Before I began to embrace Sonja, my alter-ego, my experiences of the trans-community were limited. I had once very briefly been introduced to a transgender waitress at ?Funny Girls? in Blackpool when I was 18. I am ashamed to say that I felt embarrassed to be seen chatting to her, even though ?Funny Girls? is a drag cabaret venue. The problem is that most of the people who visited Funny Girls were there to laugh, to look at the funny men in dresses, to see them as objects of amusement. That was the selling point of the venue. The reason for visiting. Nobody commented on the fantastic entertainment, professional standards of dancing and wonderful entertainment they were providing.
I distinctly remember being fascinated by this waitress, and in fact I would go on to think about her occasionally, right up until this day. At this time, I was only vaguely aware of transgender people and I was totally unaware of the differences between the wide spectrums of people covered under the trans-umbrella. It was not something I had thought about in anything other than a purely transient way.
Now that I have accepted that I am myself transgendered, I have to keep reminding myself that other people may well perceive me in the same way that I perceived that waitress, back when I was 18 years old. I have to remind myself that this same lack of knowledge, misunderstanding, or even downright ignorance often still applies to those who encounter people like us. This is not necessarily because people are inherently prudish, unaccepting or disapproving. It is often because of fear of the unknown, because of a lack of familiarity, and a pervasive ignorance pushing against the social defences of those with little exposure to the trans-community.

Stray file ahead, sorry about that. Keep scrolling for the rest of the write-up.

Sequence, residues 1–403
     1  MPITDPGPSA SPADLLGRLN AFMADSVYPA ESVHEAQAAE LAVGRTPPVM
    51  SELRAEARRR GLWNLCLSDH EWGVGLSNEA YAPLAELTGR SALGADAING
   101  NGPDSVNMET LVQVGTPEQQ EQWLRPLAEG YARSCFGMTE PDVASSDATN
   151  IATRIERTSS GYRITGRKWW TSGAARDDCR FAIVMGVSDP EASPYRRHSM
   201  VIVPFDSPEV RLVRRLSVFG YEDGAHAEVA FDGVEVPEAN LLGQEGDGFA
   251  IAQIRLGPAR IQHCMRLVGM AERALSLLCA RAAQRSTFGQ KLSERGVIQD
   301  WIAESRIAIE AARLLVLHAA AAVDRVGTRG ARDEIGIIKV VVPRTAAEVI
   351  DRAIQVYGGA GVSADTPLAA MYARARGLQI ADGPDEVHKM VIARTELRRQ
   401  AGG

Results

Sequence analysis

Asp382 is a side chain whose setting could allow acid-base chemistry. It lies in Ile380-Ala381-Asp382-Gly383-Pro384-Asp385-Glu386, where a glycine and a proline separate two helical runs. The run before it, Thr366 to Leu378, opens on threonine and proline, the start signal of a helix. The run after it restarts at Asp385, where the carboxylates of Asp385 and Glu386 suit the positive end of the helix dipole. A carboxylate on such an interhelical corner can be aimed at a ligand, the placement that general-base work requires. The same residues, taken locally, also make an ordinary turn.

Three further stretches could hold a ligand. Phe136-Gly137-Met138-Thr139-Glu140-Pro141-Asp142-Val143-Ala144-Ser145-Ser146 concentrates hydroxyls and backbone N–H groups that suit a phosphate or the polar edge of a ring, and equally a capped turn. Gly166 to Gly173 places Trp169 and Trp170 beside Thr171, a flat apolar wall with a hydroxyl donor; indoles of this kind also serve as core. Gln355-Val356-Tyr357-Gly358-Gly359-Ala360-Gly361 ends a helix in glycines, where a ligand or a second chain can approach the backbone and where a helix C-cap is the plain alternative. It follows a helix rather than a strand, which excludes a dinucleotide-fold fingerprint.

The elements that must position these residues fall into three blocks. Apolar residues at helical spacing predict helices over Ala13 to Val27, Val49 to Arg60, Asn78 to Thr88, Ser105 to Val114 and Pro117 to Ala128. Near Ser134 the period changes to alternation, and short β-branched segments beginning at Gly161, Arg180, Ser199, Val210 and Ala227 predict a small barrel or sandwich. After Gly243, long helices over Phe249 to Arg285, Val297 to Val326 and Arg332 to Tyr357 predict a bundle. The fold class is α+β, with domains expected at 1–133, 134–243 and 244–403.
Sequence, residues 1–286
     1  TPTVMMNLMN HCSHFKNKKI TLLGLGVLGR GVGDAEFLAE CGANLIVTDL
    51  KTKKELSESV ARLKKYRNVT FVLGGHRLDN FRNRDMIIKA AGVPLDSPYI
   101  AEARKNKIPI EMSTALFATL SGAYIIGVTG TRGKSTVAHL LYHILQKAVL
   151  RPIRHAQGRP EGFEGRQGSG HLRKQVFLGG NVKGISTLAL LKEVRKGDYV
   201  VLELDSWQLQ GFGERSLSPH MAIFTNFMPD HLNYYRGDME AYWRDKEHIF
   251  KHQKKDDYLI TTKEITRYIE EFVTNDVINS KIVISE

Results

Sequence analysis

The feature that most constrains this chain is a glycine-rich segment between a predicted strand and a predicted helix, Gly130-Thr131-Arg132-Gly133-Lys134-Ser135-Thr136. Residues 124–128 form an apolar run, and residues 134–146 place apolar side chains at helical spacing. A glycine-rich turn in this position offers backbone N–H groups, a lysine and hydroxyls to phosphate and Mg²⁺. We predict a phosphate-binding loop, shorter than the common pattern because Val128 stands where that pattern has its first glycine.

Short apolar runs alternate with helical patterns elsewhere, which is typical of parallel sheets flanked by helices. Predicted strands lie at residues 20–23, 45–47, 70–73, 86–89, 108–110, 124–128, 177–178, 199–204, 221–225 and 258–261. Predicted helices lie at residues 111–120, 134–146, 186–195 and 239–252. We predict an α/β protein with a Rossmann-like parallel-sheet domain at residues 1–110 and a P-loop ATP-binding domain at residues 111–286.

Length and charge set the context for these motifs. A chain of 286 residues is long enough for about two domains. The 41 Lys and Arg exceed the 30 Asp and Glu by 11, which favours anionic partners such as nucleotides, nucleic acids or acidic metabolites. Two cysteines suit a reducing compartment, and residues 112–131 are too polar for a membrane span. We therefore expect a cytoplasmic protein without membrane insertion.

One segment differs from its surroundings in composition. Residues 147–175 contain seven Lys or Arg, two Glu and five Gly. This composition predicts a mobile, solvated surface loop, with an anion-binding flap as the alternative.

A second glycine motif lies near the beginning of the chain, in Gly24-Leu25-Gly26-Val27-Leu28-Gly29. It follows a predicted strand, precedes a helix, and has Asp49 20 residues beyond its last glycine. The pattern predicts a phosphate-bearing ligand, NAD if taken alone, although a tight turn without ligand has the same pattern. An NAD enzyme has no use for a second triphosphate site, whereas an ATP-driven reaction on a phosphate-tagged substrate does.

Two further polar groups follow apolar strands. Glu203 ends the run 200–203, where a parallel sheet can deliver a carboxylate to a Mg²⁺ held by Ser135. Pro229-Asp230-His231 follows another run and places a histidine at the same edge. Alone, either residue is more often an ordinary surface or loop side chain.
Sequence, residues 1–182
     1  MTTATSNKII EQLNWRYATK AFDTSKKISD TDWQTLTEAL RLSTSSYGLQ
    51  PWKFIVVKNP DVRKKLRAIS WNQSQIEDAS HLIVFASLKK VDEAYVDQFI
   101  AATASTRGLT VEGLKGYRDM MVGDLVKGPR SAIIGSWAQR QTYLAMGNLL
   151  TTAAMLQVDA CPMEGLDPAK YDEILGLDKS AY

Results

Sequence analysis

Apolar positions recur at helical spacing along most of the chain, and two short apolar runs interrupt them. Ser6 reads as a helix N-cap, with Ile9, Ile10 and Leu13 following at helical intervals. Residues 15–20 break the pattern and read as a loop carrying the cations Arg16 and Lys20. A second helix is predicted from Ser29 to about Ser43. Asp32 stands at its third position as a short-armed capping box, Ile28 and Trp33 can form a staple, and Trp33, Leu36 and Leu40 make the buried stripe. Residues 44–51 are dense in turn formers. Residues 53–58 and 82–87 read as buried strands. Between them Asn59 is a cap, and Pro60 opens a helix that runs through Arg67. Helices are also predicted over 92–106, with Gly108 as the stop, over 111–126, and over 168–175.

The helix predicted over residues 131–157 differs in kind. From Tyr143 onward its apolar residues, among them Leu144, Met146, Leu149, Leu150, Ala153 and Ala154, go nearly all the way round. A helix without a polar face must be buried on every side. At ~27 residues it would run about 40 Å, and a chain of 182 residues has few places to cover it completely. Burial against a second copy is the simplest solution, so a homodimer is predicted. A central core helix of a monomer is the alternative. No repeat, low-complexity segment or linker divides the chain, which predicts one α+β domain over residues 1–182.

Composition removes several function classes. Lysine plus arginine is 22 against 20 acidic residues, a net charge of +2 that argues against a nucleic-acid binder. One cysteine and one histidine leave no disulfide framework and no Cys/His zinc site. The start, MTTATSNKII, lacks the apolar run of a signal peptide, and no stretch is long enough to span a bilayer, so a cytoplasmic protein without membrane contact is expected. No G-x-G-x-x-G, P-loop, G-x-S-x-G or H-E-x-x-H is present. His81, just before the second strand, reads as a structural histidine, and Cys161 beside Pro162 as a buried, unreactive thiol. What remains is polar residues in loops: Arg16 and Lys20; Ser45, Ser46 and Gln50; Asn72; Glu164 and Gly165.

I sometimes think it is hard for those of us who are transgender to remember what it was like before we were surrounded by friends who are like us, friends that understand and support us.
Especially in the age before the internet reached the mainstream, and certainly before we were encircled by social media. At some point we were ALL ignorant, and it was only life experience and the desire for personal discovery that led to our own understanding of the issues facing our community.
It is absolutely true, that just like the Gay community, transgendered people are an entirely natural part of humanity and a normal part of human existence. However, for some reason Western society finds the concept difficult to accept. For many years it promoted the view of a heterosexual, two sex existence as being the only socially acceptable way to live. Generations of people have now grown up amongst misinformation and a lack of tolerance for diversity, and we have to accept that changing the perceptions and attitudes of people is going to take a long time. In the meantime, I think that we need to take some heart in the fact that although we are sometimes a spectacle, sometimes ridiculed, this is slowly becoming a thing of the past, in the United Kingdom at least.
The modern world is difficult enough to navigate without having to battle with one?s own identity. Transgender people deserve to be themselves, to exist as they want, and to live out their lives with hopes and dreams. Just like everyone else.